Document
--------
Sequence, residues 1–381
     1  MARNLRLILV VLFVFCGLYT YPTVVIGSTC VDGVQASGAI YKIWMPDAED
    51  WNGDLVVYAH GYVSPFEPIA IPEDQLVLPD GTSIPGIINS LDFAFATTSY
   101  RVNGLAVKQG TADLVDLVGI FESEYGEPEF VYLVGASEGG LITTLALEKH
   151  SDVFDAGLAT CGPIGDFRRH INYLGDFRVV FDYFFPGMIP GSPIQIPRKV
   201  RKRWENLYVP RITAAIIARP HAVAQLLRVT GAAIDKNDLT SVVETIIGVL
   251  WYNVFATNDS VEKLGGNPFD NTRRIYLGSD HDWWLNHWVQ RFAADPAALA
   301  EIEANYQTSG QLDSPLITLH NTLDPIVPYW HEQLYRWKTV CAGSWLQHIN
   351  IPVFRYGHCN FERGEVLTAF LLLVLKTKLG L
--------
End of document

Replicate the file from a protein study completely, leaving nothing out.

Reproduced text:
Sequence, residues 1–381
     1  MARNLRLILV VLFVFCGLYT YPTVVIGSTC VDGVQASGAI YKIWMPDAED
    51  WNGDLVVYAH GYVSPFEPIA IPEDQLVLPD GTSIPGIINS LDFAFATTSY
   101  RVNGLAVKQG TADLVDLVGI FESEYGEPEF VYLVGASEGG LITTLALEKH
   151  SDVFDAGLAT CGPIGDFRRH INYLGDFRVV FDYFFPGMIP GSPIQIPRKV
   201  RKRWENLYVP RITAAIIARP HAVAQLLRVT GAAIDKNDLT SVVETIIGVL
   251  WYNVFATNDS VEKLGGNPFD NTRRIYLGSD HDWWLNHWVQ RFAADPAALA
   301  EIEANYQTSG QLDSPLITLH NTLDPIVPYW HEQLYRWKTV CAGSWLQHIN
   351  IPVFRYGHCN FERGEVLTAF LLLVLKTKLG L